Ethnic Composition and Social Changes
The Swedish government does not collect statistics on in Sweden but rather categorises citizens by country of birth. Historically, the population was vastly homogeneous, mostly made up of Swedes, and people from other Scandinavian countries such as Finland and Denmark. Today, it is estimated that 5% of the population is Finnish, and a little less than 1% is Danish.1 There is also a small indigenous minority, known as the Sami, who typically live in northern Sweden. The Sami make up less than 0.3% of the population.
Sweden's composition has changed dramatically in recent decades. This is due to the large waves of international immigration that the country has received. Sweden has generally been welcoming towards refugees and committed to family reunification on a national level. Indeed, the country has accepted more refugees per capita than any other European nation. However, the government has shifted to stricter immigration restrictions as the mass influx of migrants has strained resources and altered public opinion.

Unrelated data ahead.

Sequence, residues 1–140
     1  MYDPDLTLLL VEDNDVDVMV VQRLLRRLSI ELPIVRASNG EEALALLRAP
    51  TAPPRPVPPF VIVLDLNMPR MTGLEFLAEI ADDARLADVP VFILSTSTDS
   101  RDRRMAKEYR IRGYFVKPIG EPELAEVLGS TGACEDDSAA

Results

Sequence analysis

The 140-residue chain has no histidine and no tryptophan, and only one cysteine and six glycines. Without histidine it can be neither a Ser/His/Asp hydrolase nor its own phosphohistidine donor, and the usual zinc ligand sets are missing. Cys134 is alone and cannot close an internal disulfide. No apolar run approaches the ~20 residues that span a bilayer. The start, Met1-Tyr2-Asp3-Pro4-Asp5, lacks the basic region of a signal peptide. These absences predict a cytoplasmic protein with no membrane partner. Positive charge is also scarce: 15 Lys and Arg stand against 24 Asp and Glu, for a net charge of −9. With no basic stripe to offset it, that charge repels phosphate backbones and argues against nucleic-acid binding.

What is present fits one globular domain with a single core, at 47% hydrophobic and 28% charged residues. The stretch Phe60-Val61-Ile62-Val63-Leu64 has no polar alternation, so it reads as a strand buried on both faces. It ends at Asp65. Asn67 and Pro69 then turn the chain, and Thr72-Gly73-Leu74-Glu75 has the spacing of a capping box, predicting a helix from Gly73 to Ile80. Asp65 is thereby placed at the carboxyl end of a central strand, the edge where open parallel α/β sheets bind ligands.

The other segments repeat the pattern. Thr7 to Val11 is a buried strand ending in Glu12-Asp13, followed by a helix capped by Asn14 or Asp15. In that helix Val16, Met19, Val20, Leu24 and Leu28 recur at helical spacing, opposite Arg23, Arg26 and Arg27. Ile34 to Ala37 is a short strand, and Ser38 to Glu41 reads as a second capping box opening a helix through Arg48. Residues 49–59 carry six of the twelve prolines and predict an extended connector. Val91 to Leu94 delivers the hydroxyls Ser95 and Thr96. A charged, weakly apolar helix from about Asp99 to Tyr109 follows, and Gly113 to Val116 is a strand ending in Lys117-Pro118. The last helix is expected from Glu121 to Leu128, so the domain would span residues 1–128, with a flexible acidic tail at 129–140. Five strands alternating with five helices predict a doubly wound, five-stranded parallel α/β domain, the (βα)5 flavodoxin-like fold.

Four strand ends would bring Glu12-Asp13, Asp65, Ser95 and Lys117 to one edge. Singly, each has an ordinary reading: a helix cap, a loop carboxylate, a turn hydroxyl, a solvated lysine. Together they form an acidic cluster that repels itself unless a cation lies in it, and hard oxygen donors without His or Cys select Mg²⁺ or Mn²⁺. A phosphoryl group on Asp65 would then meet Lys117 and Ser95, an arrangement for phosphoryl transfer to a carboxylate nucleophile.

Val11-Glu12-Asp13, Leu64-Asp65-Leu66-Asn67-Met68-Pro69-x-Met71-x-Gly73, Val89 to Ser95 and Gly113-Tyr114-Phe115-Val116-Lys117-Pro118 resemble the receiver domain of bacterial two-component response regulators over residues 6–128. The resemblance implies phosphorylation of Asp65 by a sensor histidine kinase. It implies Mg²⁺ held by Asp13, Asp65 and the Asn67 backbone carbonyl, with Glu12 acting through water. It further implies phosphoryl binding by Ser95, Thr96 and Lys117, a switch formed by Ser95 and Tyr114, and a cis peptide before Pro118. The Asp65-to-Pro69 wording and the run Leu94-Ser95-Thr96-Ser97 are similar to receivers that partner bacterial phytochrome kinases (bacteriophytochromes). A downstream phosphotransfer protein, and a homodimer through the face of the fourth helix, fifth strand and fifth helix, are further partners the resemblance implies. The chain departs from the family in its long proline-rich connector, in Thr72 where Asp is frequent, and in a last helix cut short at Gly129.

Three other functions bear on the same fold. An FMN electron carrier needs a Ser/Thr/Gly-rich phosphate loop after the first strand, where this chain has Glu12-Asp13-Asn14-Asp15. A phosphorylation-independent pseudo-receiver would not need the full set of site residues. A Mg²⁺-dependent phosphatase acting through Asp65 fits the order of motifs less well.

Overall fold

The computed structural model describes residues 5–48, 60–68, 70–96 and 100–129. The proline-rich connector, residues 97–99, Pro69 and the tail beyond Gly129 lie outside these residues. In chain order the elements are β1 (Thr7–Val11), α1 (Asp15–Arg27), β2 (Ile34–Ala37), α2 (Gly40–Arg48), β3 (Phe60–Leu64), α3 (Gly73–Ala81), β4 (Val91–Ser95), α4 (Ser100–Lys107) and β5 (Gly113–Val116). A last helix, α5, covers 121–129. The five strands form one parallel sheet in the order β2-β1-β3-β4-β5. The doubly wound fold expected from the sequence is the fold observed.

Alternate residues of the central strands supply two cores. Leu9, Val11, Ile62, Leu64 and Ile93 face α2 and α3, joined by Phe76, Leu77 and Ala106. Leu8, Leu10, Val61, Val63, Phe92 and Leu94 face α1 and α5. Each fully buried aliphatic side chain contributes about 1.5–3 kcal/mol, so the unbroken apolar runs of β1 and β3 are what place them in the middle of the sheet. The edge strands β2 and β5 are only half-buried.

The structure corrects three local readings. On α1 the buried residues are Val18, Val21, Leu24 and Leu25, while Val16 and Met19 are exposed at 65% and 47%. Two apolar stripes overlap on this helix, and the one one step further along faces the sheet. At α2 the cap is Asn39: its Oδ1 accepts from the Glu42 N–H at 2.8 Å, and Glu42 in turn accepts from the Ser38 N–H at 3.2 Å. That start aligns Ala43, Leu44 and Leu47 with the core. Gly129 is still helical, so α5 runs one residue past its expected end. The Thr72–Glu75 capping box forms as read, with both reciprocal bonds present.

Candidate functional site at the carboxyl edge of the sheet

The unprecedented number of newcomers has challenged Sweden economically and culturally. Rapid changes in the country have also caused some divides among the population regarding opinions about refugees and immigrants. Some citizens in Sweden strongly oppose allowing more immigrants and refugees into the country, while others are supportive. For example, one poll found that 41% of Swedes thought that the country should grant fewer residency permits to refugees.2 It is important to approach the topic about changes to Sweden's composition with sensitivity.
For many Swedes, the main defining features of contemporary Sweden are modesty, equality and respect for universal human rights. While this perception of the Swedish identity persists, rapid changes in the country’s composition are influencing some people’s attitudes. With the large increase in immigrants, the notion of what it means to be Swedish has shifted from an -based definition to a more nationality-based definition.